We must learn the lessons of Paris

September 23, 2014 11:35

I had read many articles about the antisemitism in France and I watched a number of the YouTube videos of the recent attacks. But it wasn't until I joined a cross-party delegation of MPs to Paris with the All-Party Parliamentary Group Against Antisemitism (APPG) that I understood how grave the situation is.

A chance conversation with a Jewish Parisian businessman on the outbound journey set the tone. He told me that the situation has become so bad you either have to have enough money to live in a safe area or make aliyah.

The numbers speak for themselves. Although Jews constitute just one per cent of French society, 40 per cent of the racist crimes perpetrated in France last year were against them.

The problem is so complex it has perplexed political leaders and others. We were told that antisemitism stemmed from the poor economic situation in France (and the success of the far-right in capitalising on resulting insecurities); a general disillusionment with politics; the capacity of religious extremists to exploit French secularism to their benefit; the Middle East conflict, and the strength of the populist movement built on a hybrid of right-tinged old-style antisemitism merged with a left-tinged new antisemitism.

Whatever its source, the effects are devastating. CRIF, the body which represents French Jewry, told us about the mass exodus of Jews from France and an exponential increase in verbal and physical antisemitic incidents.

We were told by students that it is not safe to wear a kippah and talk about Jewish matters on the streets or on public transport. People are regularly abused and parents are moving their children out of state education into private Jewish schools.

In general, French politicians have responded forcefully, at least in words. Statements have been issued by ministers and security has been significantly increased. Parliamentarians we met told us starkly that France is experiencing a return to the antisemitism of the 1930s. François Pupponi, mayor of the Paris suburb of Sarcelles, said some of his constituents are expressing their antisemitism quite openly.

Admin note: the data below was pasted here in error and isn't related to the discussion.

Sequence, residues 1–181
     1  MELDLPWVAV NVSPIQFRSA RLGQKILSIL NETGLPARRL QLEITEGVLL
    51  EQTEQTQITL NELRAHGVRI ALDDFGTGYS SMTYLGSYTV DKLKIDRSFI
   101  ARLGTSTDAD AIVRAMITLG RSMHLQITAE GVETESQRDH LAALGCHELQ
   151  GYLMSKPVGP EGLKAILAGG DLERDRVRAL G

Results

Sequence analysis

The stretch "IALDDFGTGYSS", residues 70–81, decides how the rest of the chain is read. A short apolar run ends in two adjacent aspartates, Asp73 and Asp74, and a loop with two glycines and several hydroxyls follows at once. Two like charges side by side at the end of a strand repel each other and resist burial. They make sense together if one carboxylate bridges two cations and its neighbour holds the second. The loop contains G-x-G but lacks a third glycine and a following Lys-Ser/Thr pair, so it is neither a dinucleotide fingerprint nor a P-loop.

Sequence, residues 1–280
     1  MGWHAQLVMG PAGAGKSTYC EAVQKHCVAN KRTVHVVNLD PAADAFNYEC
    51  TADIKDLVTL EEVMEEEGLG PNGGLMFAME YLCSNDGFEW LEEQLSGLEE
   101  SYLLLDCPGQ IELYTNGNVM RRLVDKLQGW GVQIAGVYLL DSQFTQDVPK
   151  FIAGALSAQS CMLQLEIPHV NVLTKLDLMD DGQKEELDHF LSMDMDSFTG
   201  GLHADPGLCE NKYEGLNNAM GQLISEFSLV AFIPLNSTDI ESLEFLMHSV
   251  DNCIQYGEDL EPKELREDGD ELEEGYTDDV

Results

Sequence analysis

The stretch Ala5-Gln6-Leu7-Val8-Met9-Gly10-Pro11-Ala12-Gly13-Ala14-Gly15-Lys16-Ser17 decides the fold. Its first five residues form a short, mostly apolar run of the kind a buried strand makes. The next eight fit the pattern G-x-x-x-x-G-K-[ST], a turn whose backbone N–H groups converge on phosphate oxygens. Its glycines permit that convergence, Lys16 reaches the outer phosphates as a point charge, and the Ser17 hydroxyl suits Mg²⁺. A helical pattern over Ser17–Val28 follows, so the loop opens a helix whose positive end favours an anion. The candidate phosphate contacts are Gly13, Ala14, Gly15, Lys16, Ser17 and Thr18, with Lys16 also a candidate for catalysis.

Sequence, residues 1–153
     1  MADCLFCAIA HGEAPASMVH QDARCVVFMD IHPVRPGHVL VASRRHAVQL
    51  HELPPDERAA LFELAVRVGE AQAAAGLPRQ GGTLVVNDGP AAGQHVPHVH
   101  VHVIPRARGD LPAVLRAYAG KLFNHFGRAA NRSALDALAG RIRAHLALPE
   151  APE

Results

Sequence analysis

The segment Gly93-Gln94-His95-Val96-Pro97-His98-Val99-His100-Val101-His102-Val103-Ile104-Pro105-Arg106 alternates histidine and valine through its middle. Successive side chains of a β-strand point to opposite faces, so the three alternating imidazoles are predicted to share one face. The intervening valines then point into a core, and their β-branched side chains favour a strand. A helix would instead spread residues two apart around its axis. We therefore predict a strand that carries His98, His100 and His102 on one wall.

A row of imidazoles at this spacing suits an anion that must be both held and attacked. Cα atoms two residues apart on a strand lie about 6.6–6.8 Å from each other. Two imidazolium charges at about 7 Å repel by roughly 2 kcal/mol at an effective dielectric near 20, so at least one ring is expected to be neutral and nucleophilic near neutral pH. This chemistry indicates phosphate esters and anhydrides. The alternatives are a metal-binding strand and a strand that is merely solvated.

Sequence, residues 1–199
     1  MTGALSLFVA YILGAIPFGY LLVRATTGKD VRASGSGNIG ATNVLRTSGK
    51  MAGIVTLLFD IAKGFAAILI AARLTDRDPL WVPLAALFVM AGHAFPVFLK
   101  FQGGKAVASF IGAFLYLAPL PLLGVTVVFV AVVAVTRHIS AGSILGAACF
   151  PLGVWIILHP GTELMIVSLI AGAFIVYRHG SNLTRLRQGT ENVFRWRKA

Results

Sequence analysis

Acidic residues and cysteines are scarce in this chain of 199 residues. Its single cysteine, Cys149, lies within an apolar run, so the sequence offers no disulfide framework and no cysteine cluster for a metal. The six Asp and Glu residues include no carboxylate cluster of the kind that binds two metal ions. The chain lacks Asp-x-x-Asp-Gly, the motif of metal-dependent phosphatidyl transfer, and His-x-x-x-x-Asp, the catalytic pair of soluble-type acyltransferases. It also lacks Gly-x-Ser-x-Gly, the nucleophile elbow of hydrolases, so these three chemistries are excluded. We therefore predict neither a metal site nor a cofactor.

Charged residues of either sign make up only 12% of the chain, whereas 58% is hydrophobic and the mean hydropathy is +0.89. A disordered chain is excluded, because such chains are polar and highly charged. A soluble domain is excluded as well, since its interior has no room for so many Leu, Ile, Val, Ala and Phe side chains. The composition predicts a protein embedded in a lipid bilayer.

However, the government officials we met were keen to qualify that there is not a "mass antisemitism" in France but rather that the antisemitic actions of a few have been amplified through social media.

They were also eager to highlight their action against the antisemitic comedian, Dieudonné M'bala, and their convening of a cross-government task force to counter antisemitism.

But the efficacy of government programmes was challenged by others we spoke to from civil society organisations and within the Jewish community.

This summer was particularly frightening. In the words of one Jewish student there was an "urban revolt" and "near civil war" in Paris. We were told that police in Sarcelles informed the Jewish community that if rioters passed their lines, they would have to fend for themselves.

This has led to the community fearing that the state is impotent. While some protests were banned, the authorities were said to have been caught off-guard.

It is important, of course, to reflect on what we learned in the context of the UK. Fortunately, we have set the standard for combating hatred against Jews. Most recently, my colleague, John Mann MP, the chair of the APPG, announced we will be producing a report on the antisemitism emanating from the Middle East conflict which we saw in the UK over the summer. Our visit to France will help in building the recommendations for this report.

As a Jew in Britain, I shared the anguish felt by the community during July and August. Conflicts divide people and in the case of Israel-Palestine the anger was palpable. However strong people's passions, we cannot allow the UK to become a staging ground for antisemitic retribution.

At our final meeting in Paris we were told an old "joke" which had gained new relevance. "There were two types of Jews in Poland during the 1930s and '40s - the optimists and the pessimists. The pessimists," we were told, "ended up in New York".

We must not let the scourge of antisemitism blight our national debate, nor tear the fabric of our society. Colleagues and I want to make sure that Jews in Britain never fear being the optimists.

Luciana Berger is member of Parliament for Liverpool Wavertree and a member of the APPG Against Antisemitism

September 23, 2014 11:35

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